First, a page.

The House bill has been coordinated and driven largely by House leadership. The three committees of jurisdiction are all working from the same draft bill and each committee is marking up those sections for which they hold jurisdiction. The House bill has been reported out of the Education and Labor Committee as well as the Ways and Means Committee. But the Energy and Commerce Committee has delayed its mark up of the bill as chairman Henry Waxman works with Obama to assuage the fiscal concerns of moderate “Blue Dog” Democrats on his committee. At some point, there is a chance that the Energy and Commerce Committee will not be able to mark-up legislation and House Democratic leadership will be forced to decide whether to reconcile the work of the two remaining committees and take the bill to the House floor for consideration by the full House of Representatives.
The cost of reform
Also adding to the worries of Democratic party leaders who want to see a bill enacted this year is the skepticism from the Congressional Budget Office (CBO). Obama has often stated that health care reform is necessary in order to reduce the long-term costs of health care. CBO chief Doug Elmendorf testified in front of the Senate Budget Committee in mid-July that the House bill and the Senate HELP Committee bill would not save money over the long term and would add, in fact, to the long-term deficit — two consequences leadership is trying to avoid as they could spell the death of comprehensive reform efforts.
CBO’s concerns about slowing health care inflation have fueled the emergence of a controversial new policy that would dramatically limit Congress’ power to set Medicare payment rates and give more influence to an independent commission such as the Medicare Payment Advisory Commission (MedPAC). Currently, MedPAC recommends non-binding changes in annual updates for Medicare providers who receive “market basket” adjustments for inflation. But a Super MedPAC would signal a shift in power that could potentially reap federal savings because, theoretically, an independent commission is removed from the political process and is thus free to cut rates and reshape the payment structure without political scrutiny.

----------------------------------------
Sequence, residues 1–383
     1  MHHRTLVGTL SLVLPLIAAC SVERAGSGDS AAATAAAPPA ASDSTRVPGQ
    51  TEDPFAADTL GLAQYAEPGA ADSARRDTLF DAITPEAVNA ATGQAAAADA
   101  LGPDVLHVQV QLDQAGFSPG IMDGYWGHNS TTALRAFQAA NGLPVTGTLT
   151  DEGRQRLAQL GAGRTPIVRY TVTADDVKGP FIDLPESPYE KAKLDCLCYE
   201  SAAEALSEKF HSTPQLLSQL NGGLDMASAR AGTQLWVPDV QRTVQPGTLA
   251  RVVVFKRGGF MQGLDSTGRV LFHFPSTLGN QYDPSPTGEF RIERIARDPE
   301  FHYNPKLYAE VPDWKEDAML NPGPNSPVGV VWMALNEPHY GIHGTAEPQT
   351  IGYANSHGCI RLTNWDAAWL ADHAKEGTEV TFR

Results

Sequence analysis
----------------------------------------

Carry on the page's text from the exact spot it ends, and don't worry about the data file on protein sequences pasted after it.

Inflation update for O&P fee schedule in flux
It is unclear whether such a Super MedPAC would be permitted to adjust rates that currently are guaranteed by statute to receive an annual Consumer Price Index for Urban Consumers (CPI-U) inflation update — unless Congress intervenes and limits or eliminates these updates. This is the method by which the O&P fee schedule under Medicare is adjusted annually. Congress has, in fact, overridden this statutory language many times during the past 20 years. The inflation update that O&P providers can expect for 2010 is even more in flux now that the Department of the Treasury has published its calculation of the CPI-U for 2010. While most years yield a positive update of between 1% and 5%, the CPI-U for 2010 was calculated at negative 1.4%. There is some uncertainty as to whether the Department of Health and Human Services will impose this reduction in the O&P fee schedule for the coming year, or if they will comply with the letter of the statute, which requires only CPI-U “increases” to be applied to the fee schedule.
With opposition to health care reform gaining steam, and the 2010 election year in the near future, the pressure to move legislation quickly is mounting. This fact alone perhaps exposes the fact that if the general public really understood what the reform bills contain, they may not support overall reform at all. This situation lends itself to the same set of dynamics that doomed the national health care reform effort in 1993 and 1994, when Hilary Clinton assembled a team of 200 experts to draft a detailed, 1,000-page reform plan, only to be received by the public as bureaucrats in Washington thinking they know what’s best for the country rather than trying to build consensus from the ground up. But in this world of high stakes lobbying, and with special interests deeply entrenched in a sector of the economy nearing 20%, pushing a bill through Congress quickly may be the only way any meaningful reform is possible.
The technical and political elements to reform are so complicated and far-reaching that proponents are finding it difficult to move the process forward with any speed. But it is clear that Obama and Congressional leaders have made health care reform their top domestic priority, and proponents are unlikely to accept defeat only because major votes were not cast before the August Congressional recess. In addition, the need to pass a physician fee fix by the end of the year will likely serve to build momentum for passing some sort of health care bill before the new year begins.